Outfit Matching

One of the most important considerations when towing is to outfit match. Many towing experts suggest that people new to towing should stick to the 85% outfit matching rule. This means keeping the fully laden weight of your trailer no heavier than 85% of the kerb weight of the tow car.

To calculate the 85% limit, you need to know the car’s kerb weight and the MAM of your outfit.

If the mass of your outfit is 85% or less of the car’s kerb weight the car should tow it with ease. However, if it is between 85-100%, you should only tow if you are an experienced tow driver. That’s because the heavier the trailer is compared to the kerb weight of the car, the more unstable it will be to tow.

The below table can be used as a quick guide for you when trying to outfit match:

    Kerb weight
    1000 1200 1400 1600 1800 2000 2200 2400
Percentage 85% 850 1020 1190 1360 1530 1700 1870 2040
90% 900 1080 1260 1440 1620 1800 1980 2160
95% 950 1140 1330 1520 1710 1900 2090 2280

You should bear in mind, that the 85% outfit matching rule is just a guideline designed to help people new to novices and is not a legal requirement.

Important Things to Consider When Towing

Once you’ve got your head around what weight outfit you can legally tow, you should brush up your knowledge on other towing rules:

Speed Limit: When towing speed limits are reduced – on motorways the maximum speed is 60mph and on single carriageway roads 50mph is the maximum speed.

Max length & width of the trailer: The maximum length of the trailer you can tow is 7m and the maximum width is 2.55m.

Number plates: You must display the same number plate on your trailer as on your towing car.

Tow Bars: You must use a tow bar that is ‘type-approved’ (i.e. meets current EU regulations) and is designed to be used with your vehicle. ‘Type-approved’ tow bars have a label with an approval number and details of the vehicles the tow bar is approved for.

Trailer Mirrors: If the trailer you plan to tow is wider than your car, you must fit towing mirrors. You can be fined up to £1,000 and get three penalty points for towing without the correct mirrors fitted.

Trailer Brakes: A trailer must have a working brake if it weighs over 750kg when loaded. You should maintain the condition of the trailer brakes to ensure they are always in good working order. You must also use a breakaway cable or secondary coupling, in case the trailer becomes detached from the car during transit.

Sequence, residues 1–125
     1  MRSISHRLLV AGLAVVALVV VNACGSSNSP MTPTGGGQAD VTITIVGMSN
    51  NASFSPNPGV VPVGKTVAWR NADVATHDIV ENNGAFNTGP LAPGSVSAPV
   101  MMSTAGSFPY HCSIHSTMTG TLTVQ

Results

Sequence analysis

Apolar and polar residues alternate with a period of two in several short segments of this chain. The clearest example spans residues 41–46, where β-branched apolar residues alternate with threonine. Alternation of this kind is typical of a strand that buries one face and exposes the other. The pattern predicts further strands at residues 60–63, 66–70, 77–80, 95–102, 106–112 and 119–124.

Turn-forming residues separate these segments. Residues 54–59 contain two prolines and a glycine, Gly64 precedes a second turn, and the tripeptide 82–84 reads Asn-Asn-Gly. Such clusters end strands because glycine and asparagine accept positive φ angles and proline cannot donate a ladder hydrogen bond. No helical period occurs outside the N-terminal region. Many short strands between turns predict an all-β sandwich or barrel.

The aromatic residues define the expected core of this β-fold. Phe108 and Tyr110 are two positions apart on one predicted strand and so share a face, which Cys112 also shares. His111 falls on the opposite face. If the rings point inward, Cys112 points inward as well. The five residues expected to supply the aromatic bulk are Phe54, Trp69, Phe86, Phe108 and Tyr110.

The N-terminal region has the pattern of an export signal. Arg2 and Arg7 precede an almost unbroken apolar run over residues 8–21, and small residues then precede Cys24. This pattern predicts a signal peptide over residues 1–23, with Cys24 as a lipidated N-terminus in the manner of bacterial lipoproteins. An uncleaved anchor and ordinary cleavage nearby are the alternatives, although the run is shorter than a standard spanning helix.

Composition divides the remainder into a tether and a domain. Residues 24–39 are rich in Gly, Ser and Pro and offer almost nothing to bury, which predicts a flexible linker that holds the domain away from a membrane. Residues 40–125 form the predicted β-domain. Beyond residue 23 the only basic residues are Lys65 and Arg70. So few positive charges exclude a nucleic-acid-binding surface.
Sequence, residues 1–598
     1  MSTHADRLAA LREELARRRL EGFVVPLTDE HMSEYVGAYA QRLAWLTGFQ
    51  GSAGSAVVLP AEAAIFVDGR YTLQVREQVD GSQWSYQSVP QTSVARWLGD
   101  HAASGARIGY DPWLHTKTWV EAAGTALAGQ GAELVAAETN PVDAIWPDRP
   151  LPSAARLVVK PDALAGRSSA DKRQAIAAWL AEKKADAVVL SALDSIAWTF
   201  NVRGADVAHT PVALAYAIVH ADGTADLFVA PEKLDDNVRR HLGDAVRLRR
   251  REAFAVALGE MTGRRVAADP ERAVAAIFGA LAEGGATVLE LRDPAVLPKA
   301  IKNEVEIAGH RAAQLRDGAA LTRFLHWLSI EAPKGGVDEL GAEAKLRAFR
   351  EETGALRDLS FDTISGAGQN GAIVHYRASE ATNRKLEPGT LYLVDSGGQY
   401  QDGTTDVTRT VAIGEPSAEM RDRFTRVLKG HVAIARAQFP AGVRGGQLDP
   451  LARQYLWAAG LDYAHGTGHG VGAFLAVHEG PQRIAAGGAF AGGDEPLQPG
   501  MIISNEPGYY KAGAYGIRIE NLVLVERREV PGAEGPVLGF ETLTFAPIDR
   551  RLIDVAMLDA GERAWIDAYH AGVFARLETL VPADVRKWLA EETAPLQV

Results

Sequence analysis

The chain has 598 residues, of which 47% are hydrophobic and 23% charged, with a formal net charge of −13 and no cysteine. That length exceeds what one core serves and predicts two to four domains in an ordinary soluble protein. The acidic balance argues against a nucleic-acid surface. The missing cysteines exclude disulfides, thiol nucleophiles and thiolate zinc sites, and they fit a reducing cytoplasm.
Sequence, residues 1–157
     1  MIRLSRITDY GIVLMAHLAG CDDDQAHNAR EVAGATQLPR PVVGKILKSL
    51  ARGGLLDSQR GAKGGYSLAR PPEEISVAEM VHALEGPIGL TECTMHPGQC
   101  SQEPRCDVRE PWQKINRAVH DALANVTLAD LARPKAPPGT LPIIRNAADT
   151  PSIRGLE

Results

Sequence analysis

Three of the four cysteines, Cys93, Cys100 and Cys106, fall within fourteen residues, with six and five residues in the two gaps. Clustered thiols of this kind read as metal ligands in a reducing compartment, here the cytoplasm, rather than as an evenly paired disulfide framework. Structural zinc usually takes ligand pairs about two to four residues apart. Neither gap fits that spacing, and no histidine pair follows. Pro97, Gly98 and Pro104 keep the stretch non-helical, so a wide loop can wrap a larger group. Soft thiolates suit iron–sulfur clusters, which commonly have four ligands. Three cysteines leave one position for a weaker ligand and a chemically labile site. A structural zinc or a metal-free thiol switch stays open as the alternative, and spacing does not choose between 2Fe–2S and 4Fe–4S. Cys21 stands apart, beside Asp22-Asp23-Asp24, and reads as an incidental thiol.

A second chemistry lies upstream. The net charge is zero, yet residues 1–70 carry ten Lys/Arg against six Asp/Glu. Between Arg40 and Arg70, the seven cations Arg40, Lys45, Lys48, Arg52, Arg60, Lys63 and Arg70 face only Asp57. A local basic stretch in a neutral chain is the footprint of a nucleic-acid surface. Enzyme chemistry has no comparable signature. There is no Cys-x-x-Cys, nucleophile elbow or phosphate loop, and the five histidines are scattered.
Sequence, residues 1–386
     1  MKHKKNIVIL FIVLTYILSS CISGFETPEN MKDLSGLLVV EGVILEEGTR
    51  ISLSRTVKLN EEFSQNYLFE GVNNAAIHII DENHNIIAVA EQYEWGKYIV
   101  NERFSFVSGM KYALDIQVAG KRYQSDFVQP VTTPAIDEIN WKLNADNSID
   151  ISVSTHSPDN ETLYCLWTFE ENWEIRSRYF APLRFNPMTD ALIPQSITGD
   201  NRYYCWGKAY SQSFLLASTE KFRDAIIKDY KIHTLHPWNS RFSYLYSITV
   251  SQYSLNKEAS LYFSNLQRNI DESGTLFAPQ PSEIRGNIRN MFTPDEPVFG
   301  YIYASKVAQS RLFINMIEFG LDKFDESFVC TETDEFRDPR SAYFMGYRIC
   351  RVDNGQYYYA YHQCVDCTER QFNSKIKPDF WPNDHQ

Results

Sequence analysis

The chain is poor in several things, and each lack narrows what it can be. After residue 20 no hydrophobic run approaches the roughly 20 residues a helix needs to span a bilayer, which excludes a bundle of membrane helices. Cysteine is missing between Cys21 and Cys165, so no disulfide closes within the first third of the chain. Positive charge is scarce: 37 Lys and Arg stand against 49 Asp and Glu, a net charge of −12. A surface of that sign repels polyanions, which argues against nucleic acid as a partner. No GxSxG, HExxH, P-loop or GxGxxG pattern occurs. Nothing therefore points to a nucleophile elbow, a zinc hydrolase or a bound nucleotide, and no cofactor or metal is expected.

Trailer Lighting: A road-legal trailer must have two red sidelights, two red brake lights, amber indicators and a pair of red triangular red reflectors at the back. Trailers over 1.3m must also have a fog lamp.

Licence Needed For Towing

The licence needed for towing depends on when you passed your driving test.

For people who passed their driving test before 1st January 1997:

  • Allowed to drive a vehicle and trailer combination up to 8,250kg MAM
  • Allowed to drive a minibus with a trailer over 750kg MAM

For people who passed their driving test passed on or after 1st January 1997:

  • Allowed to drive a car or van up to 3,500kg MAM towing a trailer of up to 750kg MAM
  • Allowed to tow a trailer over 750kg MAM as long as the combined MAM of the trailer and the towing vehicle does not exceed 3,500kg
  • If you wish to tow anything heavier you MUST pass your car and trailer driving test which is known as B+E test. You are not required to take any lessons before taking this test, however, it is advisable to do so to ensure that you have the knowledge and skills to pass.

Hopefully, our towing capacity guide will help you when it comes to finding the right towing solution for your needs. Whether that means reassessing what you’re planning to tow or switching to a car with a larger towing capacity.

Let us know in the comments below what issues you’ve experienced when towing, or share your advice with people new to towing.